Cares Gorge walk from Poncebos to Caín takes 6:45 hours out-and-back.
With multiple stops, breaks, and a long 1:15 hour lunch break, it took us 8 hours (8:45 am – 4:45 pm) to hike the Cares Gorge trail out-and-back.
Is It Better to Start the Ruta del Cares Hike in Poncebos, or in Caín?
We think it’s better to start in Poncebos. If you start the hike in the morning, the sun will be behind you. That means that the landscapes ahead will be perfectly illuminated and the sun will never be in your eyes.
Also, there are more lunch options in Caín. So, it’s nicer to take a long lunch break in Caín, before starting the return hike.
Also, Poncebos is more scenic than Caín. So, we also liked starting and ending in Poncebos.
What Gear Do You Need for the Cares Gorge Hike?
You need to wear sturdy hiking boots and sun protection (hat, sunglasses, etc…). Pack a rain jacket and 2 liters of water.
Though we used our hiking poles a lot across Picos de Europa, we did not need them for this hike.
Is the Cares Gorge Hike Kid-Friendly?
Though it’s not forbidden to take children on the Cares Trail, it’s recommended to only take children ages 12 and up.
Are Dogs Allowed on the Cares Trail?
Yes, dogs are allowed. But, they must be leashed at all times. Extendable leashes are not allowed.
How Difficult is the Ruta del Cares Hike?
The hike is easy-moderate in terms of terrain and technical difficulty. However, it shouldn’t be underestimated.
It’s very long. If you’re not used to walking long distances, hiking this nearly 24 km out-and-back hike will be exhausting.
If you have any questions about hiking Ruta del Cares, leave a comment below.
Where to Stay near Ruta del Cares Hiking Trail
Where we stayed – Budget | Arcea Hotel Mirador de Cabrales is a hotel and restaurant that offers clean rooms with private bathrooms. Breakfast is included and consists of bread, tomato olive oil spread, jams, croissants, orange juice, and coffee. It’s simple, but the location is unbeatable. You can park in the hotel car park, or along the road, across the hotel.
Budget | Hostal Poncebos is the unmissable orange building, located at the entrance of Poncebos, along the Cares River. This accommodation offers rooms with private and shared bathroom facilities. Breakfast is included. They also have a restaurant and free on-site parking.
Budget | Hotel Garganta del Cares offers simple private rooms and on-site parking in Poncebos. This is the closest hotel to the Ruta del Cares trailhead. Breakfast is an additional charge.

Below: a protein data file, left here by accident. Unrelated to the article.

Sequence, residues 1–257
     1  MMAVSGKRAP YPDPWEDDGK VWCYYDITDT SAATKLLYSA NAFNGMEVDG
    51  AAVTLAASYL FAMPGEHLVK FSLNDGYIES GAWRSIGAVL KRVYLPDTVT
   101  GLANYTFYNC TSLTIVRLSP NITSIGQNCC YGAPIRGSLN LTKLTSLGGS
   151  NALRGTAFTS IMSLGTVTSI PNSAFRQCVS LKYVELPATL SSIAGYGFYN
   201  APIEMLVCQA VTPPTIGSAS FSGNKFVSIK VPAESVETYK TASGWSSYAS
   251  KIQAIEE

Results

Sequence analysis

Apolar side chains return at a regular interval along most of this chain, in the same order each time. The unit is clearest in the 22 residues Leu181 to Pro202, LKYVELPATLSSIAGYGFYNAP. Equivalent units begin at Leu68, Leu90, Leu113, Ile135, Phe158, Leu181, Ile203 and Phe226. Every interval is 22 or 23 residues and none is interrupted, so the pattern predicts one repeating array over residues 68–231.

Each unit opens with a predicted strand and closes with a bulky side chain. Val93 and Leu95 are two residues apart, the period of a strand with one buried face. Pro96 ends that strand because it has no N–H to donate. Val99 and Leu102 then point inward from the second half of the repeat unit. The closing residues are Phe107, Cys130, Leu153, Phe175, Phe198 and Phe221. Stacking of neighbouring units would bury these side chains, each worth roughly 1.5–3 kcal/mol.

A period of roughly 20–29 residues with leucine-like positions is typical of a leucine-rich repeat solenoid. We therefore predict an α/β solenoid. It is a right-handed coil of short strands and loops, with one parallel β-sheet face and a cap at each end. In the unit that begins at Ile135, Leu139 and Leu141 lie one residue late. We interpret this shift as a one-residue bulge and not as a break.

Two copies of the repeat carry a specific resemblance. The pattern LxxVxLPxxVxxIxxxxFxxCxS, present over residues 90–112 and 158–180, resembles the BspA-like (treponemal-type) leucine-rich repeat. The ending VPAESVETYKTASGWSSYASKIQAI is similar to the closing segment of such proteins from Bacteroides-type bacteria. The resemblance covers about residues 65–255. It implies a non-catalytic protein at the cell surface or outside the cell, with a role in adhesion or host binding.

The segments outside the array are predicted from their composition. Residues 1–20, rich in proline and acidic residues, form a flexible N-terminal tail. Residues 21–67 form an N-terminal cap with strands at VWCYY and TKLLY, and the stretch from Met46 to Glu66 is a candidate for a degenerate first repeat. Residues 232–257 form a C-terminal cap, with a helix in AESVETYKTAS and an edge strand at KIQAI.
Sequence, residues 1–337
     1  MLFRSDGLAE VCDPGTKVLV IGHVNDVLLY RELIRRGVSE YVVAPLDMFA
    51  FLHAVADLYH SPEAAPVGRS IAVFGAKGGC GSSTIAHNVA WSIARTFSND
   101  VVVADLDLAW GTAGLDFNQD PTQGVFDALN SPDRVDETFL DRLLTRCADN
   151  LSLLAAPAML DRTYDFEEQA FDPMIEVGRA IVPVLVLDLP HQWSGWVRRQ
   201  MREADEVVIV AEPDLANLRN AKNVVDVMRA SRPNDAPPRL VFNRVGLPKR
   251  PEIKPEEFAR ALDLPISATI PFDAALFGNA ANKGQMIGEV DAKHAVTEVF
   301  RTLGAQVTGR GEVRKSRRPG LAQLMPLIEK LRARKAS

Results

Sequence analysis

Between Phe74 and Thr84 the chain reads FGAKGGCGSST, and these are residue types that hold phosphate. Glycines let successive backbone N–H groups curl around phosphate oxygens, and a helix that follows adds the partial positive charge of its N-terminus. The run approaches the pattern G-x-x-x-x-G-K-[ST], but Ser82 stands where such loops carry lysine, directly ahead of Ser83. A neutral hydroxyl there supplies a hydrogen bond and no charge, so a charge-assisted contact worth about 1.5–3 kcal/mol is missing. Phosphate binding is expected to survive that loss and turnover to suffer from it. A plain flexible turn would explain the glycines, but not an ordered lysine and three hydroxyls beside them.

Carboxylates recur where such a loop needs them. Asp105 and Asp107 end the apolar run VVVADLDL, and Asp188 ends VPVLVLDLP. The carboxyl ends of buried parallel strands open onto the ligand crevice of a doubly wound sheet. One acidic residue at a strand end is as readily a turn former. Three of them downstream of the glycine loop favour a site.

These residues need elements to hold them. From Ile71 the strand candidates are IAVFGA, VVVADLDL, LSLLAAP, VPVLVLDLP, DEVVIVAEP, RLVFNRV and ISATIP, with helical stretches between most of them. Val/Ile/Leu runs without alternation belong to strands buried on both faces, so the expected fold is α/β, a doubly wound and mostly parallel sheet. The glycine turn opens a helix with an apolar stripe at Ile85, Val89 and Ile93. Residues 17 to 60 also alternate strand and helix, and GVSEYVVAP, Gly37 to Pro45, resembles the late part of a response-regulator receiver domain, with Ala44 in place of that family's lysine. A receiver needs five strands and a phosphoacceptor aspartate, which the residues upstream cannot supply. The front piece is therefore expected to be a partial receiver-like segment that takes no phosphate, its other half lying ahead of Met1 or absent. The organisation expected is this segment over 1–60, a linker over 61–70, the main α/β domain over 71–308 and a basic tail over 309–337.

Arenas de Cabrales (Las Arenas) Accommodations
Budget-Midrange | Hotel Picos de Europa is a 3-star hotel in the heart of Las Arenas with spacious rooms, an outdoor swimming pool, bar, and free parking. Breakfast is à la carte.
Budget | Apartamentos El Caxigu offers clean and tidy 1-3 bedroom apartments in the center of Las Arenas. Parking is available on-site, but must be reserved in advance (8 EUR/day).
Budget | Hotel Torrecerredo boasts stunning mountain views, lovely rooms, and an on-site restaurant. Breakfast and parking are included in the room rate. The hotel is walking distance to the town center (7 minutes).
Top-rated – Budget | Logis Hotel Restaurante La Casa de Juansabeli is a stone country house and restaurant surrounded by lovely grounds and a flowing stream. The hotel is 1.5 km from the center of Las Arenas (3 minute drive). Parking is free. Breakfast is an extra charge.
Picos de Europa Trip Planning Essentials
Picos de Europa National Park stretches across three regions in Northern Spain: Asturias, Cantabria, and León (Castile and León).
It comprises the majestic Picos de Europa Mountains, a limestone mountain range composed of three massifs.
How to Get to Picos de Europa
The closest airports to Picos de Europa are Santander Airport in Cantabria, the Asturias Airport (aka Oviedo-Ranón, OVD) in Asturias, and the Bilbao Airport in Basque Country.
We recommend renting a car from the airport and driving directly to Picos de Europa National Park. Follow our 10-day Picos de Europa road trip itinerary for inspiration.
Use the intuitive Discovercars.com car rental reservation platform to search for and book car rentals. This easy-to-use booking platform compares car rental deals from 500+ trusted providers, so that you can choose the best option for your trip.
Where to Stay in Picos de Europa
We recommend dividing your time between Northern Picos de Europa and Eastern Picos de Europa. If you have more time, extend your visit to Southern Picos de Europa and Northwestern Picos de Europa.
Northern Picos de Europa: Poncebos, Arenas de Cabrales (Las Arenas), Sotres, or Tielve in Asturias
Eastern Picos de Europa: Potes, or Camaleño Valley in Cantabria
Southern Picos de Europa: Valdeón Valley, or Caín in León
Northwestern Picos de Europa: Cangas de Onís, Soto de Cangas, Llerices, or Covadonga in Asturias
Find out where to base yourself in the national park in Where to Stay in Picos de Europa.
Hiking in the Picos de Europa National Park
Hiking in Picos de Europa National Park is an extraordinary experience filled with magical landscapes of lush forests, craggy mountains, and deep gorges.
We also hiked this riveting 2-day Refugio Jou de los Cabrones trek.
Picos de Europa Packing List
- Day Pack: Osprey Tempest 30 Women’s Backpack / Osprey Talon 33 Men’s Backpack
- Grade B/C high-cut hiking boots: Meindl Schuhe Island Lady (Kati’s Boots), Women’s Hanwag Tatra II GTX (Sabrina’s Boots), Men’s Hanwag Tatra II GTX (men’s equivalent)
- CAT 4 Sunglasses: Julbo Shield Mountain Sunglasses
- Hiking Poles: Black Diamond Trail Trekking Poles
- Reusable Water Bottle: Ion Leakproof 32 oz Water Bottle